So, to obtain the parameters, um, basically, the model training, as we call it, is a lot more involved than model inference, which is the part that I showed you earlier. So, model inference is just running it on your MacBook. Model training is a competition, very involved process. So, basically, what we're doing can best be sort of understood as kind of a compression of a good chunk of the Internet. So, because Llama 270b is an open-source model, we know quite a bit about how it was trained because Meta released that information in paper. So, these are some of the numbers of what's involved. You basically take a chunk of the internet that is roughly—you should be thinking 10 terabytes of text. This typically comes from like a crawl of the internet, so just imagine, uh, just collecting tons of text from all kinds of different websites and collecting it together. So, you take a large chunk of the internet, then you procure a GPU cluster, um, and, uh, these are very specialized computers intended for very heavy computational workloads, like training of neural networks.
You need about 6,000 GPUs, and you would run this for about 12 days, uh, to get a Llama 270b. And this would cost you about $2 million. And what this is doing is basically, it is compressing this, uh, large chunk of text into which you can think of as a kind of a zip file. So, these parameters that I showed you in an earlier slide are best kind of thought of as like a zip file of the internet. And in this case, what would come out are these parameters, 140 GB. So, you can see that the compression ratio here is roughly like 100x, uh, roughly speaking. But this is not exactly a zip file because a zip file is lossless compression. What's happening here is a lossy compression. We're just kind of like getting a kind of a Gestalt of the text that we trained on. We don't have an identical copy of it in these parameters, and so it's kind of like a lossy compression. You can think about it that way.
The one more thing to point out here is these numbers here are actually, by today's standards, in terms of state-of-the-art, rookie numbers. Uh, so if you want to think about state-of-the-art neural networks, like, say, what you might use in ChatGPT, or Claude, or Bard, or something like that, uh, these numbers are off by a factor of 10 or more. So, you would just go in, and you just, like, start multiplying, um, by quite a bit more. And that's why these training runs today are many tens or even potentially hundreds of millions of dollars, very large clusters, very large data sets. And this process here is very involved to get those parameters. Once you have those parameters, running the neural network is fairly computationally cheap.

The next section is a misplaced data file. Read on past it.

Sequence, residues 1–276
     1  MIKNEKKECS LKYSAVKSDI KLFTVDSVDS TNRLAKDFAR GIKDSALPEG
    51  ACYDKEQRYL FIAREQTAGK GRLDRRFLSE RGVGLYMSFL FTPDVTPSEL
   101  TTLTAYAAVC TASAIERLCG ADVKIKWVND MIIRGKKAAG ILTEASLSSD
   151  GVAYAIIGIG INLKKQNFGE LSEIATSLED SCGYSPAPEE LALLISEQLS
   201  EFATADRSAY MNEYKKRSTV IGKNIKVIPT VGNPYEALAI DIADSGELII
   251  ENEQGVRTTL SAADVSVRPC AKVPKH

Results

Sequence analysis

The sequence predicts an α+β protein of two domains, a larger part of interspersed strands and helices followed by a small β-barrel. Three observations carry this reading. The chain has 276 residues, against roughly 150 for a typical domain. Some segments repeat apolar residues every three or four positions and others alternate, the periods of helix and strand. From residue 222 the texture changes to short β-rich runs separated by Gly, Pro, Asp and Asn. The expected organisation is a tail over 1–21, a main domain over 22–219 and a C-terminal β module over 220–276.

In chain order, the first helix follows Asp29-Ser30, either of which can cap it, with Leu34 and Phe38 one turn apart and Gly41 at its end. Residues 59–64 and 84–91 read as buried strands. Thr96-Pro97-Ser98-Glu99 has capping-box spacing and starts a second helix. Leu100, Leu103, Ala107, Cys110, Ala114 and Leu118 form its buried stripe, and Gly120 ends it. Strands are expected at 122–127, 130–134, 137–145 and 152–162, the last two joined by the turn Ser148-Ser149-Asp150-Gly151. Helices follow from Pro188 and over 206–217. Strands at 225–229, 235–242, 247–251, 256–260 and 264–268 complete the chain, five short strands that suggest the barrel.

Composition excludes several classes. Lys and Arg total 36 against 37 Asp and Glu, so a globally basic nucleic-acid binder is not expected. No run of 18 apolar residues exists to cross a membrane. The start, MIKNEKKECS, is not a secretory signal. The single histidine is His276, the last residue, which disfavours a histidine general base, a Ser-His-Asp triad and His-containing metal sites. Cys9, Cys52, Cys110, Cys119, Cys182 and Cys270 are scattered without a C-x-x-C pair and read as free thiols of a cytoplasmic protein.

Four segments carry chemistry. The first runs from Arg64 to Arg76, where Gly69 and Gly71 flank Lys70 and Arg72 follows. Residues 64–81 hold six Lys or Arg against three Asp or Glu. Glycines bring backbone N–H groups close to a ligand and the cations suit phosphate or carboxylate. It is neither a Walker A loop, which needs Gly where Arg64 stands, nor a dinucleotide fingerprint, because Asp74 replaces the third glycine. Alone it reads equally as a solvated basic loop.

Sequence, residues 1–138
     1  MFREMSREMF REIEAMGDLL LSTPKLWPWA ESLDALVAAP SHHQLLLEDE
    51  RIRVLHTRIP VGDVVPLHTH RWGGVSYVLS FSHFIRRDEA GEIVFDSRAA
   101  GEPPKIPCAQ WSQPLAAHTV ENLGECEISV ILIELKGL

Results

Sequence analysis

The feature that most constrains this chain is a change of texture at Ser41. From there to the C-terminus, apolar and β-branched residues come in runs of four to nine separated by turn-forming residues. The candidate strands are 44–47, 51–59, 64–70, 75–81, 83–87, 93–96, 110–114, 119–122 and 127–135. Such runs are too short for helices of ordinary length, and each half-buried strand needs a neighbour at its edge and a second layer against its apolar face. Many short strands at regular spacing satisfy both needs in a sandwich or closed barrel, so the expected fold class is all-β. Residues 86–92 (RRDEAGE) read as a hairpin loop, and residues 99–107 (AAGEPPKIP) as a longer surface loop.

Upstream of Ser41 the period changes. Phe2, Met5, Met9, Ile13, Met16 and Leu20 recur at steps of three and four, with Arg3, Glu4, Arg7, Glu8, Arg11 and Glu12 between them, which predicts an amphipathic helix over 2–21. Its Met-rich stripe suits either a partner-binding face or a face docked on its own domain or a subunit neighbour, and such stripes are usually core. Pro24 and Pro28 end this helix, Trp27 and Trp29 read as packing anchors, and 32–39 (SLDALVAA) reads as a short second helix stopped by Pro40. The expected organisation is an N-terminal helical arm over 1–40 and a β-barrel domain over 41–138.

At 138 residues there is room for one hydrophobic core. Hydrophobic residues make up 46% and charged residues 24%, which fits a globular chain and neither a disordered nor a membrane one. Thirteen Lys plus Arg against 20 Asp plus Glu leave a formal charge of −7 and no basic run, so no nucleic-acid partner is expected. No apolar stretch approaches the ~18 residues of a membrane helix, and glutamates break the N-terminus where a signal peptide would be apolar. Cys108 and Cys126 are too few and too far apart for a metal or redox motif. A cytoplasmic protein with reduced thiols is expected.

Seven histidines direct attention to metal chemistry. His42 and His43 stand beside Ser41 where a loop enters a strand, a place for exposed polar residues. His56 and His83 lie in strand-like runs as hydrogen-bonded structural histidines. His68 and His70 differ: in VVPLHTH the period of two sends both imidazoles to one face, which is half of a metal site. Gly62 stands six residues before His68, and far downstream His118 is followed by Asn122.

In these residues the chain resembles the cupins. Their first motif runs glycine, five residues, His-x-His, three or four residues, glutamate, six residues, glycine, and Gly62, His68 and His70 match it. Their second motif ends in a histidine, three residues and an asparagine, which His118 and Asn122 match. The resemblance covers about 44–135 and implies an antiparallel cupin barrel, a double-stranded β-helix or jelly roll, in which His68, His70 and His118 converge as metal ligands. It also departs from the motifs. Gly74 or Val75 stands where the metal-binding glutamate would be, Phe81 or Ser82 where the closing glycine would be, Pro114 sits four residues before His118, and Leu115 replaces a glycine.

Okay, so what is this neural network really doing, right? I mentioned that there are these parameters. Um, this neural network basically is just trying to predict the next word in a sequence. You can think about it that way. So, you can feed in a sequence of words. For example, "Cat sat on a..." This feeds into a neural net, and these parameters are dispersed throughout this neural network, and there are neurons, and they're connected to each other, and they all fire in a certain way. You can think about it that way, um, and outcomes a prediction for what word comes next. So, for example, in this case, this neural network might predict that, in this context of four words, the next word will probably be "mat" with, say, a 97% probability. So, this is fundamentally the problem that the neural network is performing. And this, you can show mathematically, that there's a very close relationship between prediction and compression, which is why I sort of allude to this neural network as a kind of training. It's kind of like a compression of the internet, um, because if you can predict, uh, sort of the next word very accurately, uh, you can use that to compress the data set. So, it's just a next-word prediction neural network. You give it some words; it gives you the next word.
Now, the reason that what you get out of the training is actually quite a magical artifact is that basically, the next word prediction task, you might think, is a very simple objective, but it's actually a pretty powerful objective because it forces you to learn a lot about the world inside the parameters of the neural network